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Fed is Best for Newborn Babies, But This Mother-in-Law Won’t Have It

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Breastfeeding is a topic that can be a source of contention among many parents, particularly when it comes to deciding whether or not to breastfeed. While the general narrative is “fed is best,” there are often big judgments that often come with deciding not to breastfeed.

The benefits of breastfeeding for infants are well-documented, but not all mothers can or choose to breastfeed. It is essential to recognize that formula-fed babies can thrive and be healthy.

However, in one mom’s case, the decision to bottle-feed or breastfeed is not the issue. Instead, it is a matter of personal boundaries and trauma.

The Mom’s History of Trauma

The original poster (OP) on Reddit, a pregnant woman, shared her story of how her husband and mother-in-law (MIL) were pressuring her to allow her MIL to “prep her” for breastfeeding her unborn child.

The OP’s history of trauma made it difficult for her to have anyone touch her breasts (including herself). She had been to therapy and concluded that not letting anyone touch her breasts was the best solution for her mental and emotional well-being.

The OP reports her husband became obsessed with the importance of breastfeeding and was desperate to have her try “exercises” to try and get used to more touch.

To Breastfeed or Not? It’s Not a Simple Answer

From the OP’s story, it’s clear that she’d feel more comfortable bottle-feeding. It would likely help her bond much better with her baby than feeling anxious about her trauma.

The author’s trauma aside, it is vital to note that it is never appropriate for someone to force or pressure another person into doing something that makes them uncomfortable or that violates their personal boundaries. The author’s husband and mother-in-law disregarded her feelings and pushed their own agenda, which most readers agreed was unacceptable.

The author’s decision not to breastfeed is entirely valid, and no one should make her feel guilty or ashamed for it. Breastfeeding is a personal choice, and it is essential to respect a mother’s decision, whether she chooses to breastfeed or not. The most important thing is that the baby is fed and healthy and the mother is happy and comfortable with her decision.

In addition to her trauma, the author mentioned that her pregnancy was unplanned, which can also be a source of stress and anxiety for expectant mothers. Pregnancy can be an emotionally and physically challenging time for women, and it is crucial for partners, family members, and friends to offer support and understanding.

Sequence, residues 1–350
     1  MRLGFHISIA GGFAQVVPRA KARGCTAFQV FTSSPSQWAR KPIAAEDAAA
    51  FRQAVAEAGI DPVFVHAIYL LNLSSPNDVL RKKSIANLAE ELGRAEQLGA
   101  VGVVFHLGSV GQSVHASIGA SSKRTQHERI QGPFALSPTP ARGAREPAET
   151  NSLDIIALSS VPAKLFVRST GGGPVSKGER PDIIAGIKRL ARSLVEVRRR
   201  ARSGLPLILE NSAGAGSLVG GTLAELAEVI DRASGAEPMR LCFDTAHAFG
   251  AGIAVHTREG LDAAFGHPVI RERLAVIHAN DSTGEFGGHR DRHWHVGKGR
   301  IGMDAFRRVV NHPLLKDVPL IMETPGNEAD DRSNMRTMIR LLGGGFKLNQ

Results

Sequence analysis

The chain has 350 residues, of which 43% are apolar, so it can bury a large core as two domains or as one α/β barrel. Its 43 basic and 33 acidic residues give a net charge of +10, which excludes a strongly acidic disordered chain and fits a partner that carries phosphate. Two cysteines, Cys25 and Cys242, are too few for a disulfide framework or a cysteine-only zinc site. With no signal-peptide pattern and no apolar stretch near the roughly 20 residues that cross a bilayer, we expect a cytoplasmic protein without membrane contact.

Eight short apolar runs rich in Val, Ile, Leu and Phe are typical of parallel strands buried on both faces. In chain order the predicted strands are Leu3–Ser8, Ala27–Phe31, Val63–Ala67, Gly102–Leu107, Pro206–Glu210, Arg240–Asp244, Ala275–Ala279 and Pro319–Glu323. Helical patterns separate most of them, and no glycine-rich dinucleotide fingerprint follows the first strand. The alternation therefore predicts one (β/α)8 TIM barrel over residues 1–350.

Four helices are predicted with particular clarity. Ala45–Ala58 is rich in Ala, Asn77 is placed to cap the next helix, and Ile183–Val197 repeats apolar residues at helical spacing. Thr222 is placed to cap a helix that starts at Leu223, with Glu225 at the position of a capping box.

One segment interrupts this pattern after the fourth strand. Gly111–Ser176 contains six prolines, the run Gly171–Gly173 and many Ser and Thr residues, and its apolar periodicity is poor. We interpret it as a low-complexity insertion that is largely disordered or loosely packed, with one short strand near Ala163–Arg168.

The Verdict: The OP Should Set Her Boundaries and Stick to Them

The overwhelming support that the OP received in the comments section of her post is heartening. The vast majority of respondents recognized that fed is best and that a mother’s decision not to breastfeed should be respected.

Many shared their stories of breastfeeding struggles or choosing to bottle-feed and emphasized that the most important thing is that the baby is well-fed and loved. In fact, some women reported that their relationship with their babies vastly improved after switching to bottle feeding- removing a lot of anxiety from their days together.

But She Shouldn’t Forget…

While the community agreed that it was up to the OP to decide what was right for her. It was noted that the author will still need to take care of her breasts, regardless of whether she chooses to breastfeed or not.

Firstly, she’ll have to work with her healthcare provider to manage the milk that does come in when her baby is born. Plus, medical exams, such as mammograms or breast cancer screenings, will still be necessary, and proper breast care is essential for maintaining overall breast health. The author should consult with her healthcare provider about the best ways to care for her breasts and manage any trauma-related concerns.

One champion Redditor gave the OP a ton of great action steps to follow leading up to the birth of her baby; the comment said, “A lot of standard care involves mom’s breast area, so you’ll need to be prepared for what they’ll suggest and be very explicit about declining it.” Her suggestions included the following:

  1. Provide a letter to the medical team and family that says the OP is 100% bottle feeding. That way, the hospital will be ready with the formula and provide the appropriate support.
  2. Make bottle feeding clear in the birth plan. Also, mention that no one will touch the OP’s breasts, including the baby. Discuss alternatives for holding the baby with the medical team.
  3. Work with a trauma-based therapist to help her tolerate medical care as needed.
  4. Problem-solve ways to hold and carry the baby with a therapist, the husband, etc. Plus, try different baby carriers that are comfortable for the OP.
  5. Find a family therapist to help the baby understand the mom’s trauma as they get older.

Support the Mom’s Choice

In conclusion, it is crucial to recognize that each mother’s decision on how to feed her child should be respected and supported. Breastfeeding is not the only option; bottle feeding can be a perfectly healthy and viable choice.

The author’s trauma and personal boundaries must also be taken into account and respected, and no one should pressure or force her into doing something that makes her uncomfortable. As the overwhelming support in the comments section demonstrated, the most important thing is that the baby is fed and loved, and the mother is supported and happy with her decision.


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